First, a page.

What I tasted: The most pure expression of fruit from a Malbec at this price point. This wine is as they say, LOADED. Unmistakably gorgeous, it has candied red hues, stewed dark raspberry flavors and tannins to dry the gums quite nicely, in their mild cloy. Dialed in concentration packs a punch, able to pair with any privileged protein. Mr. Malbec here is certainly the man, and its impression everlasting--much like its elongated finish. Safe to say it can see some age, hold onto it for up to five years without a worry.

What I learned: The 2008 season in Argentina was difficult due to rain. Roughly half the wineries suffered, at Achaval Ferrer they picked early and were rewarded. Half the fruit in this wine is from the land on the estate, the other half is leased in several different districts. The vines are 16-86 years old and 1 vine is equivalent to 1 bottle of wine (very low yields). In all, 10,000 cases are produced, and I did my part to deplete the share.

Thursday, September 17, 2009

Italy, You Made Me Happy!

Last night I was at a dessert party. There was probably 12-15 people of which a few I knew. Before you were allowed to fill up your plate with the cornucopia of confections, you had to stop at a small table to smell and silently identify 4 viles of various scents (Le Nez Du Vin). You then recorded those results on an index card and submitted it to the host. It was a great game to start the evening. That being said, I quickly made my way over to the wine.

Syrah, a Cabernet Sauvignon Blend, Dry Riesling, Bordeaux Blanc...funny no dessert wine. Of course I powered through a mini tasting of these wines, however with little focus because I was anxious for what I had brought, a Cascinetta Vietti 2008 Moscato d' Asti D.O.C.G.

Moscato, the grape, is known by several names: Orange Muscat, Muscat, Muscat Canelli, Muscadel, and so on. Now I will tell you, I don't drink a lot of Moscato--but this wine was F%$#ing awesome. You know it's F%$#ing awesome when you think to yourself, "hmmmm, would Muscato be a cool name for my first born son?" That aside, along with a conclusion of "no probably not", it doesn't change the fact that this wine made me happy.

Moscato isn't known for extracting terrior and expressing the land or tasting like a million dollars--the Cascinetta Vietti was no different in that sense. Thankfully however, it didn’t taste like the few bad examples I had in the past. This was pure, full and creamy. It almost reminded me of key lime pie, except with that classic musk aroma, almost a fresh sage aspect and "strong enough for him but PH balanced for her." It was delicious and perfect for almost any dessert, I will be buying more. This wine was 16 bucks. Not inexpensive, but exactly what I look for in a Moscato. Find it and start with two bottles because it's only5.5% Alc. Enjoy the Buzz!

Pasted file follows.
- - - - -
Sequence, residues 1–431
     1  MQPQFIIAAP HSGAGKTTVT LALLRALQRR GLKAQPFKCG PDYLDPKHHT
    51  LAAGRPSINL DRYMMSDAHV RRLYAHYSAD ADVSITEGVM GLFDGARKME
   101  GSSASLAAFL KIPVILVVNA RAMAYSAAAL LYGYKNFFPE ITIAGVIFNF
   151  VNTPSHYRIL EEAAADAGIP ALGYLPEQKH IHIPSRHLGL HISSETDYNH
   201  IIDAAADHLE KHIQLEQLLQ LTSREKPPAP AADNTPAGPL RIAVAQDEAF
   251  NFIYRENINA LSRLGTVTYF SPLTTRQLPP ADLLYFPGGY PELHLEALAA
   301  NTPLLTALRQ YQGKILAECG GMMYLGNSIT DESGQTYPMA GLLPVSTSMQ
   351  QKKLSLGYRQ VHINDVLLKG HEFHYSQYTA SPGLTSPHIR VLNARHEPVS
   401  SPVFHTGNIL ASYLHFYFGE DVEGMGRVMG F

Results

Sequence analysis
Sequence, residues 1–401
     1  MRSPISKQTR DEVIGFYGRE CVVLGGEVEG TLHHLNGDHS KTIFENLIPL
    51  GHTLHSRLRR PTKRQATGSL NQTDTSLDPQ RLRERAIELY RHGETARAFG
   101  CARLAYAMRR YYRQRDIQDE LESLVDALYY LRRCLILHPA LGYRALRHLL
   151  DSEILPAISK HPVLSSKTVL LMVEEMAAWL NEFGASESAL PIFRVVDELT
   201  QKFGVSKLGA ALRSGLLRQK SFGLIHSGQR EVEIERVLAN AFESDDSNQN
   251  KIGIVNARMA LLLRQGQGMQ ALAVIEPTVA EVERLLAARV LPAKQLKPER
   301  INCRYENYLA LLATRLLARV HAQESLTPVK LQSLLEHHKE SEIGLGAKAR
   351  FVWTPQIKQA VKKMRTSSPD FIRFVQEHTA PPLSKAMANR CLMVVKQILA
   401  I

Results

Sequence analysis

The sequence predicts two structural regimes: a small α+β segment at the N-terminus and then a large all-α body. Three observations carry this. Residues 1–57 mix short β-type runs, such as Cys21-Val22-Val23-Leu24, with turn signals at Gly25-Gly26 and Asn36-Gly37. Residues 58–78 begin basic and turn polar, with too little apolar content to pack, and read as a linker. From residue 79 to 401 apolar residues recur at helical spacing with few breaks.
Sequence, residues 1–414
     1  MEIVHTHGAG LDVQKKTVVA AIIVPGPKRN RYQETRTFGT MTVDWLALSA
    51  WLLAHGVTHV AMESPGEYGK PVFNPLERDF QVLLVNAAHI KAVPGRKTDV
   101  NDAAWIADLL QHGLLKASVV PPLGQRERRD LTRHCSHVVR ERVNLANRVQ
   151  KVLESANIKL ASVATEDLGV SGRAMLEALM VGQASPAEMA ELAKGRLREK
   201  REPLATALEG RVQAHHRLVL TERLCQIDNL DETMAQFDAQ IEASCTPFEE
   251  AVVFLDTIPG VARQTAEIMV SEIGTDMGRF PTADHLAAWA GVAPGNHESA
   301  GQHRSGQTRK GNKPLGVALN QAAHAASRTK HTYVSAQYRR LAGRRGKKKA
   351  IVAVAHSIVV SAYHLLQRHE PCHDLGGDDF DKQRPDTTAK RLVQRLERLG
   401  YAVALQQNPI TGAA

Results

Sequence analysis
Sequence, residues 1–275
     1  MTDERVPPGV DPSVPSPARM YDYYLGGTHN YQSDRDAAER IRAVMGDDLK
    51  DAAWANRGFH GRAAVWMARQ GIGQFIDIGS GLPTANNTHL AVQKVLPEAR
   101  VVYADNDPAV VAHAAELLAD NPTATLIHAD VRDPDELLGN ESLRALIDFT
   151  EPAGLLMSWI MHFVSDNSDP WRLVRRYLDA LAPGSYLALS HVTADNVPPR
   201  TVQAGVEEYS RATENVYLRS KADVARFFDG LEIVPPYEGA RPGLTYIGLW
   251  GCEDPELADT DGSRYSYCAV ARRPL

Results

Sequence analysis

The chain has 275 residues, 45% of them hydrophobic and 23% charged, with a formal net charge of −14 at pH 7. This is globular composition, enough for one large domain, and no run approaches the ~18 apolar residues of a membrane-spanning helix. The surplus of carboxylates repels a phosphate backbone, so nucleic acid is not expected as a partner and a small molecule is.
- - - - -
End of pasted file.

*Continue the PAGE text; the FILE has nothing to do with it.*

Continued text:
Oh and by the way, I won the scent identification game!

Friday, July 31, 2009

This Should Not be Taken Lightly

Wine is some SERIOUS stuff! Chinon I refer to as, 'fresh off the boat'!

When French Chinon hits U.S. soil, leaves its shipping container, finds its way into your hands, resting at the bottom of your wine glass and is finally greeted by your wiff--you then know--you're no longer in Kansas. One French kiss of this foreigner via a sip and you may just find yourself proposing for French--Chinon citizenship.

If I were a florist from the town of tours, in the region of Touraine, in the AOC of Chinon, interpreting the 100% Cabernet Franc that is Chinon--I'd be creating edible arrangements. A sprig of dill, rods of jalapeno, stalks of asparagus, cucumber and bell pepper. I'd then add to this arrangement 6 cherries, 2 raspberries and 1 blackberry and lace it with limestone powder--sounds delicious right!?

There's a quote that says, "Chinon is not just French, its very French." I've also read, the Loire is said to be where the purist French is spoken--Chinon must have one of the thickest French accents!

My point is Chinon's greatest strength is its individualism. In a world of globalization and in a wine world where so many strive to be something they're not, Chinon is always true to itself. It's a clever wine, that's a secret play, makes a great conversation piece and is the epitome of a food wine. Heck even rapper JayZ has said "When I'm fienon' for a reason, I leanon a little Chinon."

Ladies and gentleman, JayZ's right--pour some out for your homies, and here's to Chinon.